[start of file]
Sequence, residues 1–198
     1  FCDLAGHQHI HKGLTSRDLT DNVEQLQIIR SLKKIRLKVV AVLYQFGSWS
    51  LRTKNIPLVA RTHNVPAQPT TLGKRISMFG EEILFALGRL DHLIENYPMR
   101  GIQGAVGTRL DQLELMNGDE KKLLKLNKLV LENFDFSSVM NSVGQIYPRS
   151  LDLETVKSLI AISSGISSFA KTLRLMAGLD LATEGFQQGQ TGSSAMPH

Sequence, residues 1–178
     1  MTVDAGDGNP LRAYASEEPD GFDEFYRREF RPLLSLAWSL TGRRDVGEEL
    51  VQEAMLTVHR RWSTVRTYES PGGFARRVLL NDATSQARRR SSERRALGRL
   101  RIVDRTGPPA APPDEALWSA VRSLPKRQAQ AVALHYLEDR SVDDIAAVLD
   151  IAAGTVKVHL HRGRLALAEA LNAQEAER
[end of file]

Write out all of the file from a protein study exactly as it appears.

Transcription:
Sequence, residues 1–198
     1  FCDLAGHQHI HKGLTSRDLT DNVEQLQIIR SLKKIRLKVV AVLYQFGSWS
    51  LRTKNIPLVA RTHNVPAQPT TLGKRISMFG EEILFALGRL DHLIENYPMR
   101  GIQGAVGTRL DQLELMNGDE KKLLKLNKLV LENFDFSSVM NSVGQIYPRS
   151  LDLETVKSLI AISSGISSFA KTLRLMAGLD LATEGFQQGQ TGSSAMPH

Sequence, residues 1–178
     1  MTVDAGDGNP LRAYASEEPD GFDEFYRREF RPLLSLAWSL TGRRDVGEEL
    51  VQEAMLTVHR RWSTVRTYES PGGFARRVLL NDATSQARRR SSERRALGRL
   101  RIVDRTGPPA APPDEALWSA VRSLPKRQAQ AVALHYLEDR SVDDIAAVLD
   151  IAAGTVKVHL HRGRLALAEA LNAQEAER